pain precipitating a visit to Dr. Kallet, where she documented that Plaintiff had a decreased range
of motion in her lumbar spine. PageID 844. Third, the ALJ’s characterization of Dr. Kallet’s
treatment of Plaintiff as “minimal” and consisting primarily of “prescribing Plaintiff pain
medication” is belied by the record. PageID 181. Initially, the Court notes that, as Plaintiff’s
primary care physician, it is not clear what care the ALJ thought Dr. Kallet withheld from
Certainly, she could -- and did -- recommend that Plaintiff seek treatment with
specialists for more invasive, non-conservative care.
For example, Dr. Kallet specifically
referred Plaintiff to neurosurgeon, Dr. Robbins, for treatment of her back pain. PageID 631.
After diagnosing Plaintiff with herniated discs and lumbar stenosis at L4-S1, Dr. Robbins
performed a fusion surgery on Plaintiff’s spine in June 2008. PageID 632. Likewise, in October
2006 and October 2011, Plaintiff underwent arthroscopic surgeries on her left knee as a result of
referrals from Dr. Kallet. PageID 58-97, 607, 886. Additionally, in December 2011, Dr. Kallet
referred Plaintiff to pain management specialist Dr. Shahid. PageID 911. Accordingly, the
undersigned finds the ALJ’s conclusion in this regard is also unsupported by substantial
evidence. Cf. Pickett v. Astrue, No. 3:10-cv-177, 2011 WL 1626559, at *8 (S.D. Ohio Apr. 28,
Fourth, with regards to the ALJ’s conclusion that Dr. Kallet “made no attempt to treat
any of the underlying causes of [Plaintiff’s] pain complaints,” such conclusion is contradicted by
the record. PageID 181. As noted supra, Dr. Kallet repeatedly referred Plaintiff to other
specialists in order to attempt to alleviate the underlying causes of her pain. See PageID 58-97,
607, 632, 886, 911. Accordingly, the undersigned finds the ALJ’s reasoning in this regard also
unsupported by substantial evidence.
Based upon the foregoing, the Court finds the ALJ’s assessment of Dr. Kallet’s opinions
unsupported by substantial evidence and meriting reversal.
When the ALJ’s non-disability determination is unsupported by substantial evidence, the
Court must determine whether to remand the matter for rehearing or to award benefits.
Generally, benefits may be awarded immediately “if all essential factual issues have been
resolved and the record adequately establishes a plaintiff’s entitlement to benefits.” Faucher v.
Sec’y of Health & Human Servs., 17 F.3d 171, 176 (6th Cir. 1994); see also Abbott v. Sullivan,
905 F.2d 918, 927 (6th Cir. 1990). The Court may only award benefits where proof of disability
is strong and opposing evidence is lacking in substance, so that remand would merely involve the
presentation of cumulative evidence, or where proof of disability is overwhelming. Faucher, 17
F.3d at 176; see also Felisky v. Bowen, 35 F.3d 1027, 1041 (6th Cir. 1994).
Here, evidence of disability is not overwhelming. Accordingly, a Sentence Four remand
for further proceedings is necessary so the ALJ can hold another administrative hearing and
reasonably weigh the opinion evidence, including Dr. Kallet’s opinions regarding Plaintiff’s
mental and physical limitations; review Plaintiff’s credibility and allegations of disabling pain;
and determine Plaintiff’s RFC and disability status anew. See PageID 336-40.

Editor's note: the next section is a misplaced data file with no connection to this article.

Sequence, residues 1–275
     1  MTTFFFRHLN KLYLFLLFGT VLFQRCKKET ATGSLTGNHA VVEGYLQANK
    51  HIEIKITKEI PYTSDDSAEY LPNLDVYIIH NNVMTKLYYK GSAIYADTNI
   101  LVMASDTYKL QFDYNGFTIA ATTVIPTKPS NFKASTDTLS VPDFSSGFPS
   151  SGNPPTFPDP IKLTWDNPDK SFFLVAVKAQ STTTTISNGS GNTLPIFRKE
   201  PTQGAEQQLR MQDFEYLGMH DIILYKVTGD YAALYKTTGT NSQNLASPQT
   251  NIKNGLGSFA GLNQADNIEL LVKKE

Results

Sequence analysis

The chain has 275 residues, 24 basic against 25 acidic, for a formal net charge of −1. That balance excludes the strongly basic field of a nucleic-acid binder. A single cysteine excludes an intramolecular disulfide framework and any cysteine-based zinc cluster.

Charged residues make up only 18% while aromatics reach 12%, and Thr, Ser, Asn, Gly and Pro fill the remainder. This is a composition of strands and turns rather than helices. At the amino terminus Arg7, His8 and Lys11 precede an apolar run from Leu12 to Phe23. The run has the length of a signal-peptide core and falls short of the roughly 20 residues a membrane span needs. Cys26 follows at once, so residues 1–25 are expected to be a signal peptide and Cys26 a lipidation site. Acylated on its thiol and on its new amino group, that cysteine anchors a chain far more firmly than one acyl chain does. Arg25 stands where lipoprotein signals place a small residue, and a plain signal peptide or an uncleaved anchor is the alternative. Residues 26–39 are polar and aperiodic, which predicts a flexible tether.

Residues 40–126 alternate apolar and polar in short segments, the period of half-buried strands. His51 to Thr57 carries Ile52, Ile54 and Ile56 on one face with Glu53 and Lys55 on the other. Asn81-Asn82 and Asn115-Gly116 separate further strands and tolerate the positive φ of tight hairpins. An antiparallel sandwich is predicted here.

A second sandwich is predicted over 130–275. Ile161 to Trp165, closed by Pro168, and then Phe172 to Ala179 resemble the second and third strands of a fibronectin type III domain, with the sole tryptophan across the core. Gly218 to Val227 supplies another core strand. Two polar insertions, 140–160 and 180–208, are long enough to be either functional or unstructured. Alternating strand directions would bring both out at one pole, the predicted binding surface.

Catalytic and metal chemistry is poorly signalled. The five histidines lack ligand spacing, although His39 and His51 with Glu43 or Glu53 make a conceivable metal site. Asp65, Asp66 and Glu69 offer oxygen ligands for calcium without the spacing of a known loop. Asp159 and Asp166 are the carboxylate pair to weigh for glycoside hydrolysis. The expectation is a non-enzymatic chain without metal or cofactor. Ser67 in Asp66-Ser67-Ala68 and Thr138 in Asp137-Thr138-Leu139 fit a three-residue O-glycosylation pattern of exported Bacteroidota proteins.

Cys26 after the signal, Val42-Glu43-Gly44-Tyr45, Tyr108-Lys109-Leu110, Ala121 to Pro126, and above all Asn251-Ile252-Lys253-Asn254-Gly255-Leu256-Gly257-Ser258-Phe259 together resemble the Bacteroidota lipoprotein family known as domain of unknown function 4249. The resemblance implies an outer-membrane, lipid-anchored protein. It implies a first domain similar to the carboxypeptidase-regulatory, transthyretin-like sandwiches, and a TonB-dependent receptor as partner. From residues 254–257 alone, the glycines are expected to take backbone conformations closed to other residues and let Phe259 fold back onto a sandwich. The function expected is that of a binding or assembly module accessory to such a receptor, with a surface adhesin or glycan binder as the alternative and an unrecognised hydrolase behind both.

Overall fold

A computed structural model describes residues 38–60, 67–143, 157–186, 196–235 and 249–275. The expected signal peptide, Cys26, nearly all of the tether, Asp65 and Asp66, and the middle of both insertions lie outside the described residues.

IT IS THEREFORE RECOMMENDED THAT:
The Commissioner’s non-disability finding be found unsupported by substantial
evidence, and REVERSED;
This matter be REMANDED to the Commissioner under the Fourth Sentence of
42 U.S.C. § 405(g) for proceedings consistent with this opinion; and
This case be CLOSED.
s/ Michael J. Newman
Michael J. Newman
United States Magistrate Judge
NOTICE REGARDING OBJECTIONS
Pursuant to Fed. R. Civ. P. 72(b), any party may serve and file specific, written
objections to the proposed findings and recommendations within FOURTEEN days after being
served with this Report and Recommendation. This period is not extended by virtue of Fed. R.
Civ. P. 6(d) if served on you by electronic means, such as via the Court’s CM/ECF filing system.
If, however, this Report and Recommendation was served upon you by mail, this deadline is
extended to SEVENTEEN DAYS by application of Fed. R. Civ. P. 6(d). Parties may seek an
extension of the deadline to file objections by filing a motion for extension, which the Court may
grant upon a showing of good cause.
Any objections filed shall specify the portions of the Report and Recommendation
objected to, and shall be accompanied by a memorandum of law in support of the objections. If
the Report and Recommendation is based, in whole or in part, upon matters occurring of record
at an oral hearing, the objecting party shall promptly arrange for the transcription of the record,
or such portions of it as all parties may agree upon or the Magistrate Judge deems sufficient,
unless the assigned District Judge otherwise directs.
A party may respond to another party’s objections within FOURTEEN days after being
served with a copy thereof. As noted above, this period is not extended by virtue of Fed. R. Civ.
P. 6(d) if served on you by electronic means, such as via the Court’s CM/ECF filing system. If,
however, this Report and Recommendation was served upon you by mail, this deadline is
extended to SEVENTEEN DAYS by application of Fed. R. Civ. P. 6(d).
Failure to make objections in accordance with this procedure may forfeit rights on appeal.
See Thomas v. Arn, 474 U.S. 140, 153-55 (1985); United States v. Walters, 638 F.2d 947, 949-50
(6th Cir. 1981).